When I was coaching at Uplevel You’s Click event last week, I met a wonderful man who’s very creative and has amazing energy! He’s one of those people who brightens a room just by being himself.
In one of our conversations, he made a comment that I hear All.The.Time. It was along the lines of, “After I’ve presented something once, I’m bored with it, so I’m always creating something new.”
Many of us resisted and resented having structure “imposed” on us when we were younger. It was oppressive, stifling, and we fought against it.
I remember being totally baffled by a college roommate who studied by a schedule every day. In the library. Where it was really, really quiet. To be honest, I thought it was boring and unimaginative. I thought it sounded like hell.
By contrast, I was the one who stayed up all night writing the paper that was due the next day because that’s when I felt inspired.
I guess it’s no surprise that she’s a doctor and I’m an entrepreneur.
Structure’s NOT the opposite of creativity
I’m older and wiser now, and I’ve learned that there’s a place for structure and routine, even for creative entrepreneurs. It’s a little humbling to admit, but I’ve learned that structure actually SUPPORTS creativity, and that I need it to be successful.
When you have a structure, you know what your next steps are. You know where you are and where you’re going. And you know when you’re making progress.
This is true whether the structure is a daily routine or a workshop you’ve given several times before. When a system gives you WHAT to do, you can focus on HOW you do it.
Creativity comes in the HOW.
Connection comes in the HOW.
Magic happens in the HOW.
Repetition creates depth
When you have the format of a workshop that you’ve done before, you can focus on being fully present with the participants. On being connected. On how you present the material.
When something’s brand new, there are details that have to be taken care of on the fly, keeping your mind whirring as you try to keep track of it all.
With an established format, you can relax into the existing rhythm and flow. The materials are already done and ready, leaving you space to stay grounded in your body and more aware of what’s going on in the room.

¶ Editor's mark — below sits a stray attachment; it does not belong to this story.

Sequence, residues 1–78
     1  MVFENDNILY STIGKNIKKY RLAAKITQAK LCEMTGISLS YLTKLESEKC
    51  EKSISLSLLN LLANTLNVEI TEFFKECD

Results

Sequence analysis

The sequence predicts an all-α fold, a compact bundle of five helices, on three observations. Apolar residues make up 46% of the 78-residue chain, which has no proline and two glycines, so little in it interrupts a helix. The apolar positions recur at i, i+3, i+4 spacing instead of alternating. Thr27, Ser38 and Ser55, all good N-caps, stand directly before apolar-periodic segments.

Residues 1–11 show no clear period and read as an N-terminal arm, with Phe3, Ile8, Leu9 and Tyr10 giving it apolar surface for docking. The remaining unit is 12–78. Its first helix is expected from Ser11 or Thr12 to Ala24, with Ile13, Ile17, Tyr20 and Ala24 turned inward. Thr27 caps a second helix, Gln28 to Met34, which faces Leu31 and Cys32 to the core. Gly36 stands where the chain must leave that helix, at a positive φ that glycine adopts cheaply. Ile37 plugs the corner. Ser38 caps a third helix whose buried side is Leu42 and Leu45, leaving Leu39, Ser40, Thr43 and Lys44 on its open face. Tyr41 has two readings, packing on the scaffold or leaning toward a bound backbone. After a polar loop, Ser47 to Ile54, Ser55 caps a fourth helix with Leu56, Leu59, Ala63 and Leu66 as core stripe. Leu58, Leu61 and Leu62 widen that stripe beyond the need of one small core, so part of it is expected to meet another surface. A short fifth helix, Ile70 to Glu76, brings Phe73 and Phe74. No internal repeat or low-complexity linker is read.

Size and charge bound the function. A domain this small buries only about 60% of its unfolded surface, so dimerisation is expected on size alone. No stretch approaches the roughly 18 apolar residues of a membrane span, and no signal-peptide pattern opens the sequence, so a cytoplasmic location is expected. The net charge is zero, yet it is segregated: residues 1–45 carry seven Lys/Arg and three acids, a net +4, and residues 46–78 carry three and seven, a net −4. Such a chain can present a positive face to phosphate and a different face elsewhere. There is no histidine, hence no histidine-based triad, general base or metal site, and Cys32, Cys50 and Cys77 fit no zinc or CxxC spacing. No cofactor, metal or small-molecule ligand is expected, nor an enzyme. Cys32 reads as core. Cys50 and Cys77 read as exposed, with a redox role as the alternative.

Will you continue to tweak and make improvements to your existing programs? Of course! Doing a program more than once allows you to go deeper with the messages and get even clearer – and more creative – about how you communicate them.
Will you still create a whole new program periodically? Definitely. But it has the chance to grow organically out of what your clients need next, or what you’re drawn to create rather than simply out of a “need for new.”
The Case for Recommitment
I truly admire musicians, athletes and others who practice the same thing over and over again. I envy my daughter’s ability to stick to a plan and systematically work toward a goal.
Some of us aren’t naturally wired that way.
I created focus sheets for my Shift into Action group that I LOVE! When I use them daily, I experience the difference they make. And every week I have to remind myself that I love them and that they work.
For some of us, routine and self-discipline are a process of continual recommitment. Over and over again, we have to get back in the game. We have to remember WHY we’re doing it and focus on the rewards.
Getting over our past experiences with systems and routines can be tremendously healing and open up new possibilities going forward. It’s a way to stop the struggle and is definitely something I help clients with on a regular basis.
Accountability and support also make a huge difference. I’ve started a new exercise routine and stay consistent with it by reporting weekly to a friend what I’ve done. Now that I’m starting to see the physical benefits, I’m relying less on those check-ins, but I’m not at all ready to give them up.
Depth. Mastery. Strength. Connection.
If those are something you’re looking for, give structure (another) chance.
Now that you know my experience, I’d love to hear about your struggles and achievements with structure in the comments below.